For nearly 40 years, the films of John Hughes have defined what the teen comedy movie is, and most films in the subgenre sense have something to owe Hughes. From “Ferris Bueller’s Day Off” to “The Breakfast Club” to “Pretty in Pink,” the 1980s and the members of Generation X who went to high school during that decade saw themselves up on screen for the first time.
On the other hand, you had the wild teen sex comedies like “Porky’s” and “Fast Times at Ridgemont High,” which were also telling stories about high schoolers but with a very different goal in mind than the kids who just wanted to hang out with their friends and go to prom.
You don’t see too many comedies like these anymore. There were a few fairly outrageous and boundary pushing films since those ’80s classics — like “American Pie” in 1999 and “Superbad” in 2007 — but they really didn’t do too much different with the genre other than update the lingo and technology.
But now, here to save the genre by completely subverting it and taking all the wind out of its sails in the most hilarious way, are writer/director Emma Seligman and writer/star Rachel Sennott with “Bottoms.” The two had their breakthrough in 2020 with “Shiva Baby,” and continue their hot streak here with another smart, biting comedy about being a young person in today’s crazy world.
With college less than a year away, uncool seniors Josie (Ayo Edebiri) and PJ (Sennott) want to end their careers at Rockbridge Falls High School by doing the deed — a classic teen comedy set-up. Unfortunately, they’re both not popular, not traditionally attractive and lesbians in a small town, meaning their dreams of making it with the lead cheerleaders more than difficult.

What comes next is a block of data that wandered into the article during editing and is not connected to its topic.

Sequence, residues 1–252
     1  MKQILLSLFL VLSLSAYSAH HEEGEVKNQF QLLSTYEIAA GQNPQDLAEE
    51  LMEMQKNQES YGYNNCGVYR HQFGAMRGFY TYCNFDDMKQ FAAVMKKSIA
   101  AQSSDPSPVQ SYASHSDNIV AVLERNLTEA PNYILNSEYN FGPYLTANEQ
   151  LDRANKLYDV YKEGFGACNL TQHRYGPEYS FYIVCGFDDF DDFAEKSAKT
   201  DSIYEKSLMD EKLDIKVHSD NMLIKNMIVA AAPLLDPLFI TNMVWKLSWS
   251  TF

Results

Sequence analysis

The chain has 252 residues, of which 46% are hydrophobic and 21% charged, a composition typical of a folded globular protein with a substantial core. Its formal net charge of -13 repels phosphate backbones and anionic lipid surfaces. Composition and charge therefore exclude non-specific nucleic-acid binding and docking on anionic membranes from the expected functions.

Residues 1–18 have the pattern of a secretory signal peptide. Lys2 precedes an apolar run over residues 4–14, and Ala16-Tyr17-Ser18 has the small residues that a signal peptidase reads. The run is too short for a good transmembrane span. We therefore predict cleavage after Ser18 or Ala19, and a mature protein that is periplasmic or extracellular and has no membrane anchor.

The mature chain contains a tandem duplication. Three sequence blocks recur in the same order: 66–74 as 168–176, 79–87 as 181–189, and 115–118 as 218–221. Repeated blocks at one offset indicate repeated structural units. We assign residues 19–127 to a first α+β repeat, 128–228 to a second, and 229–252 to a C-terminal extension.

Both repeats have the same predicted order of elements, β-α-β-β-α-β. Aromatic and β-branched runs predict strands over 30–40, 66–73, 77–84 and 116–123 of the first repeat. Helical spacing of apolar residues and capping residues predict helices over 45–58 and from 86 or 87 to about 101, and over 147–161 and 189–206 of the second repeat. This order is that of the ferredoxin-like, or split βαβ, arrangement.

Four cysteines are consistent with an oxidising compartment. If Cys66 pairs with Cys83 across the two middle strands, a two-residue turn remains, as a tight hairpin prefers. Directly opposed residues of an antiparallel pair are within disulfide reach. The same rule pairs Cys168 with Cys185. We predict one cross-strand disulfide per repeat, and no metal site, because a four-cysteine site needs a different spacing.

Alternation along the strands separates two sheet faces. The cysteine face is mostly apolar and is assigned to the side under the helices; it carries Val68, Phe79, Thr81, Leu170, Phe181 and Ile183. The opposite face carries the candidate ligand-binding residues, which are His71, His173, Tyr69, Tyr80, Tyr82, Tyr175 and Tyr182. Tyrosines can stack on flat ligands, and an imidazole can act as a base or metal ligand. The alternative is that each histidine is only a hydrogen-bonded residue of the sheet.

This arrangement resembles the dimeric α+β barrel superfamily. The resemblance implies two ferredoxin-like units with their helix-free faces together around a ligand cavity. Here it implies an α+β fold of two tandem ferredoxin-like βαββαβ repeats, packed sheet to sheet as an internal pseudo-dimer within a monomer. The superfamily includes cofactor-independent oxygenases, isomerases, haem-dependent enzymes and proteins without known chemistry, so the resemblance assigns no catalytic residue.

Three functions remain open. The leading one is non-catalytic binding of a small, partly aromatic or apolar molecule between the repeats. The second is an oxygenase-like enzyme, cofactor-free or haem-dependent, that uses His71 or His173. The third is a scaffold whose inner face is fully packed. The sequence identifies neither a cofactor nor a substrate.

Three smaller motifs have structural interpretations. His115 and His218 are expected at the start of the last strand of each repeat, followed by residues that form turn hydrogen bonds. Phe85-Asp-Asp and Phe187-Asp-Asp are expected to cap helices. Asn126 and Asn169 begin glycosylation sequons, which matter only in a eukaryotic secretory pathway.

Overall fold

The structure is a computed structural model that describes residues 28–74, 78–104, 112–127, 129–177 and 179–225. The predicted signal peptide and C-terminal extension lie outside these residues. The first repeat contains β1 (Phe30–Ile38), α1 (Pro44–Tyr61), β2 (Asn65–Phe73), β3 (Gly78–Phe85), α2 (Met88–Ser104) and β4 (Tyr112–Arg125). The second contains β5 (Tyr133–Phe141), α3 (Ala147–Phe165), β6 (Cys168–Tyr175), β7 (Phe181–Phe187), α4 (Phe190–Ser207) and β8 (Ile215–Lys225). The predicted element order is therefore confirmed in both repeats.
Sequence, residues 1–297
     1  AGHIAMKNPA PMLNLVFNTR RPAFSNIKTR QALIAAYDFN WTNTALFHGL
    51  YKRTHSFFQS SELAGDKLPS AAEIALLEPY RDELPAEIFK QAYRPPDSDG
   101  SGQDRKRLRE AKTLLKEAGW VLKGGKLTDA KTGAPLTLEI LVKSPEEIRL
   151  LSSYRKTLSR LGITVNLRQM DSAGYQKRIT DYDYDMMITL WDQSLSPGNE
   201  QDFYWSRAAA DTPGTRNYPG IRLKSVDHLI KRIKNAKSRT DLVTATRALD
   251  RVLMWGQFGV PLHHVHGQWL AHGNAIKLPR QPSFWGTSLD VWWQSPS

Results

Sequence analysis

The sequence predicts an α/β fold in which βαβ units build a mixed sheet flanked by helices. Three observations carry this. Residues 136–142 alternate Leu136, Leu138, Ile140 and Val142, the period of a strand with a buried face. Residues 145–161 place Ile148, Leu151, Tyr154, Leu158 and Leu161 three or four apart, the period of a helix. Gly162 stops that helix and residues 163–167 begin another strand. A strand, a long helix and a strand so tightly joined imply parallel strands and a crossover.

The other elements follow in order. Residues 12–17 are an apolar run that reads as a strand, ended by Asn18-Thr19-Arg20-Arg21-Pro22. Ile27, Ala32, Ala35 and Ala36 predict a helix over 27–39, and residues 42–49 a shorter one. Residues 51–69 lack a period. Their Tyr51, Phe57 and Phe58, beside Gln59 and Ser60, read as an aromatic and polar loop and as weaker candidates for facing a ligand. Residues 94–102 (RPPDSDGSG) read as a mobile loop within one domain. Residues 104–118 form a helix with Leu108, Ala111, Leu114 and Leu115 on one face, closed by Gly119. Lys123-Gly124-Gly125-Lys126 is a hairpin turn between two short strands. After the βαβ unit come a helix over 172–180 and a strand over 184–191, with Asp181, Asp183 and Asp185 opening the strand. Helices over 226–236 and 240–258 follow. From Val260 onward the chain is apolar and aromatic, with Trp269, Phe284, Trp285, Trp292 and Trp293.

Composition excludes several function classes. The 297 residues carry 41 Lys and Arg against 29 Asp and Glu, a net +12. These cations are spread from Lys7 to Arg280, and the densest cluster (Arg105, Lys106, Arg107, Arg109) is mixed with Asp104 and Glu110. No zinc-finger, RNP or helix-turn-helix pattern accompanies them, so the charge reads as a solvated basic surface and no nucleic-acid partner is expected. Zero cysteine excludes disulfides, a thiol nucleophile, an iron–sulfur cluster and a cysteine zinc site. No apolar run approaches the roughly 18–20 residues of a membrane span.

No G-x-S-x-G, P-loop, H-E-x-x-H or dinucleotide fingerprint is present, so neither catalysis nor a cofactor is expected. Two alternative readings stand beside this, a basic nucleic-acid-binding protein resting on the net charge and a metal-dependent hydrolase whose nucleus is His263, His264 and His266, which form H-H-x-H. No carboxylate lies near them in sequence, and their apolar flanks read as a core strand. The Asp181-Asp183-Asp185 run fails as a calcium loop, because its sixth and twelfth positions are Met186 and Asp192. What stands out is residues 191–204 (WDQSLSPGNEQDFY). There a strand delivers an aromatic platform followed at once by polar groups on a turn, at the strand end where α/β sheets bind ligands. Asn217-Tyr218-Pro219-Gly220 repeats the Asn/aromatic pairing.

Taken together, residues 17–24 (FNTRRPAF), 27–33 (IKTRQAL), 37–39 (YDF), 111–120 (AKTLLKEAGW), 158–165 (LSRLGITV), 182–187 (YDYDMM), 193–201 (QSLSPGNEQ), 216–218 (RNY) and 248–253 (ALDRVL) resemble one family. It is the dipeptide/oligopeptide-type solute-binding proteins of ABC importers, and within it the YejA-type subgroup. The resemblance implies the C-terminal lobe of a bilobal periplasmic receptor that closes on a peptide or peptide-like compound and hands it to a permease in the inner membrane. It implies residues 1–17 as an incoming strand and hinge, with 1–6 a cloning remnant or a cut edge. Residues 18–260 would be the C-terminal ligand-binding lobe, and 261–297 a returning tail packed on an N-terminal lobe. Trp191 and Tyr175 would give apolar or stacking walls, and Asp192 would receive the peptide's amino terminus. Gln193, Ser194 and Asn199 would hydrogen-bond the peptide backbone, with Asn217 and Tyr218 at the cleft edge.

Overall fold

But when a miscommunication at the back-to-school fair leads the entire school to believe Josie and PJ spent the summer in juvie, and even killed a woman, the two friends decide to start a girls Fight Club to help their classmates defend themselves from the crazy guys who act like gods, especially the football players.
Josie and PJ soon find themselves in over their heads when the most popular students — including their crushes — join the club and start beating each other up in the name of self-defense, the chance to get to know each other better emotionally and physically arises at the worst time: the 20-years-in-the-making football game against Huntington High.
Except for a couple uses of cellphones, “Bottoms” is a film set out of place and time, happening in any small town high school any time between now and 1984. From the fashion and hairstyles to the cars and the music, it’s an encapsulation of every cliche you’ve seen in every teen comedy from the past 40 years.
And smartly, those tropes are explored through the eyes of what teenagers think and feel while they’re in high school, when both emotions and hormones are running high and every little thing seems like the end of the world. In an early scene, Josie and PJ accidentally bump into the star quarterback with their car, and he’s immediately down on the ground pretending his leg is broken and shows up to school in crutches the next day … until he gets to the football field after school and casually tosses them aside.
But with more prominence of LGBTQ themes and stories today, the main struggles the girls have are again flipped on their head: Josie and PJ aren’t outcast because they’re gay but because they’re untalented and unattractive. But then they get to bond with their fellow losers, as well as a couple of the popular girls, by beating each other up while their social studies teacher (played hilariously by former Buffalo Bill Marshawn Lynch, who steals every scene) cheers them on from the sidelines in the name of feminism.
Although the exploration of the film’s themes mostly stay on the surface with the jokes jabbing the cliches and trends in society rather than digging deeper, there is enough material in every scene to keep the discussion going long after the credits roll. It’s safe to say the future is bright for Seligman and Sennott to do whatever they want and likely succeed with flying colors.